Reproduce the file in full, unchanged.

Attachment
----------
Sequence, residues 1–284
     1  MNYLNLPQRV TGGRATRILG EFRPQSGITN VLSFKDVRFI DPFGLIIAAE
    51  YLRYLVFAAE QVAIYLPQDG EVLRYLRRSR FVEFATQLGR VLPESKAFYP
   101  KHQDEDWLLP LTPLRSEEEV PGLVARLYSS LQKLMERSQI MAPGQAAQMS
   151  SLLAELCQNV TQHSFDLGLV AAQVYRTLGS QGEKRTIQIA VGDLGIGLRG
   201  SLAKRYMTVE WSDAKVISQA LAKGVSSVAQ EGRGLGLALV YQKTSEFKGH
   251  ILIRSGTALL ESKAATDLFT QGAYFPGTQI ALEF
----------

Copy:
Sequence, residues 1–284
     1  MNYLNLPQRV TGGRATRILG EFRPQSGITN VLSFKDVRFI DPFGLIIAAE
    51  YLRYLVFAAE QVAIYLPQDG EVLRYLRRSR FVEFATQLGR VLPESKAFYP
   101  KHQDEDWLLP LTPLRSEEEV PGLVARLYSS LQKLMERSQI MAPGQAAQMS
   151  SLLAELCQNV TQHSFDLGLV AAQVYRTLGS QGEKRTIQIA VGDLGIGLRG
   201  SLAKRYMTVE WSDAKVISQA LAKGVSSVAQ EGRGLGLALV YQKTSEFKGH
   251  ILIRSGTALL ESKAATDLFT QGAYFPGTQI ALEF